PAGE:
I confess that I did not watch a single moment of the Masters this year – first time in a long time. I did, however, watch nearly all of a fairly meaningless NASCAR race at Texas. I confess that I am wondering if this says something about me as a person.
I confess that I’m still feeling sad that Brennan Manning is gone. More than that, though, I’m feeling such profound gratitude for his life. He was the first writer and speaker I ever encountered who spoke about the grace of God as though he had actually experienced it. Brennan was able to break through my Southern Baptist defenses to speak to me about God’s love for me as I am, not as I should be. I had been exposed to so many youth camp evangelists, scaring the crap out of kids until they were so convinced God would gleefully torture them if they didn’t say a prescribed prayer. After years of that stuff I had become inured to the simplicity of the gospel. But Brennan got through to me. Brennan didn’t use my brokenness against me. Instead he talked about God’s love for the ragamuffin. I think sometimes that Manning’s Ragamuffin Gospel was the turning point in my spiritual life – that would have been the fall of 1994? Maybe a little sooner. God bless Brennan Manning.
I confess that it seems like a strange coincidence that Brennan Manning has died during the same time that I’m re-reading A Prayer for Owen Meany. I think it’s my 6th reading. It’s a coincidence because I found Owen Meany and Brennan Manning at the same time, both through the influence of Rich Mullins, who is also dead. Brennan, Owen, and Rich are all dead, and yet their lives still bear such tremendous meaning to me. I think about them all the time and their memories are linked. It seems strange to me that my kids will never love Brennan or Rich like I did – at least that’s my guess. I’m happy that they might still love Owen Meany, though. I wish they could love all three, because it sometimes feels like these three guys saved me.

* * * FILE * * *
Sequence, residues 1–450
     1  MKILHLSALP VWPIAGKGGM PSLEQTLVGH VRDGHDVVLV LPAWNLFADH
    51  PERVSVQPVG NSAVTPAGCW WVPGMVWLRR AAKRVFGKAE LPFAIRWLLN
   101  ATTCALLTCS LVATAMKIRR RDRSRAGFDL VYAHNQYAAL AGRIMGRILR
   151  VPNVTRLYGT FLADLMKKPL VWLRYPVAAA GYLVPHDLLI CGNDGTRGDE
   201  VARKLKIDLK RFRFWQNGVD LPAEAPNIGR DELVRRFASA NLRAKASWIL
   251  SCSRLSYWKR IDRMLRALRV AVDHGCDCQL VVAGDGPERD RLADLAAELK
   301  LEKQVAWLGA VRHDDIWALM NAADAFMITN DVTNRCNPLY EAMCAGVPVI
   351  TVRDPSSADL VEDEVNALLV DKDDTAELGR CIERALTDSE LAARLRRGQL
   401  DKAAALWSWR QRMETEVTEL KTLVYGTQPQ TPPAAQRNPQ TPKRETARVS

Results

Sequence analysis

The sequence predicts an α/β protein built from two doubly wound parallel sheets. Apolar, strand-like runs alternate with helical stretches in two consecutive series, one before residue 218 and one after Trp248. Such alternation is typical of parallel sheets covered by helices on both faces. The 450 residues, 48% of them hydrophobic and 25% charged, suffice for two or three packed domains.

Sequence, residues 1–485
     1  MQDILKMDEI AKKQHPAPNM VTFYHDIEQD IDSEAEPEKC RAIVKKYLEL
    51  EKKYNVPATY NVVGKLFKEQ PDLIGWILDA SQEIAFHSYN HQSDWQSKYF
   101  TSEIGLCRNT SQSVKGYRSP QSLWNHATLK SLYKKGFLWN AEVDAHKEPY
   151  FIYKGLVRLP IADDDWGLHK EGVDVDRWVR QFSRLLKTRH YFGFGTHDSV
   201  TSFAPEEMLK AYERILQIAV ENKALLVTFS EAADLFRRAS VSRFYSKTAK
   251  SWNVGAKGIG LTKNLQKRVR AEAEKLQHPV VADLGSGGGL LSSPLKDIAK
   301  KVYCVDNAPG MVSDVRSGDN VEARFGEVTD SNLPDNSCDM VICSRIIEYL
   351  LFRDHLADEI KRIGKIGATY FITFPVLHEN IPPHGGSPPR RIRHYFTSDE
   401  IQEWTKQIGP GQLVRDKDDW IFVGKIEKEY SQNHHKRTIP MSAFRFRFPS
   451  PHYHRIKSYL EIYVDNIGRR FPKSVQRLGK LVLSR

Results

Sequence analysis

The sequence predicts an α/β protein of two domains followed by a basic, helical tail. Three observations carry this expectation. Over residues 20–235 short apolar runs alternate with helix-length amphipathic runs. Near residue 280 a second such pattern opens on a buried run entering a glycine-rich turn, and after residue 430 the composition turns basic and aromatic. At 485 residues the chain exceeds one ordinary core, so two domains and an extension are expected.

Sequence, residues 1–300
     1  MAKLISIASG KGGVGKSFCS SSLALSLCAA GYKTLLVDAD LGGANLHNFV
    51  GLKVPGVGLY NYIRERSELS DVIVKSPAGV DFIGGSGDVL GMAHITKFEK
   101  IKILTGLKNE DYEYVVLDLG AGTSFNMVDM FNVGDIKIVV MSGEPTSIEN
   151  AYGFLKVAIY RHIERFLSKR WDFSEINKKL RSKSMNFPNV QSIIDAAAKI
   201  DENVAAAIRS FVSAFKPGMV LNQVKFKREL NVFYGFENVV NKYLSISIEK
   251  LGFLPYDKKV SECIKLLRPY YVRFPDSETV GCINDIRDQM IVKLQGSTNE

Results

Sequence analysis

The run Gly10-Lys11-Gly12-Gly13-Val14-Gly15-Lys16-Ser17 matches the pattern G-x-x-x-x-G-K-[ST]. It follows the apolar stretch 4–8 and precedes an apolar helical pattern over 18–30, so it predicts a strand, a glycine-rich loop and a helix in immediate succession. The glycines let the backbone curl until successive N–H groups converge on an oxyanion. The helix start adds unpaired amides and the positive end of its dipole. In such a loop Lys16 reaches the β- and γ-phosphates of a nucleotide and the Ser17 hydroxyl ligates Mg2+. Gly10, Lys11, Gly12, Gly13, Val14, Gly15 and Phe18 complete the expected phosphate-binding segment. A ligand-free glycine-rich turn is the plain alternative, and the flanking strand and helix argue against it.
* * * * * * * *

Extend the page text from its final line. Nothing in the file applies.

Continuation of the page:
I confess that we took our kids to the Negro Leagues Baseball Museum in town this weekend. I confess that it was pretty emotional for me to read and learn about this period in American history. I confess that my kids were fairly underwhelmed. They liked the baseball part, but the social issues were completely lost on them. It’s interesting to see how quickly social issues change between generations. Our kids will grow up in a completely post-modern America. Issues such as sexuality, poverty, and racism will be very different for them than they were for me. I hope that they are equipped to deal with them faithfully. I confess that I constantly worry about being able to teach my kids to think of themselves as Christians first, not Americans first.
I confess that I am not getting enough sleep these days. I confess that my lack of sleep is not because I’m staying up late. This feels like progress. My lack of sleep comes from getting up earlier. Which feeds my other issue: productivity addiction. … vicious circle.
Okay friends, I made my confession. Now it’s time for you to make yours!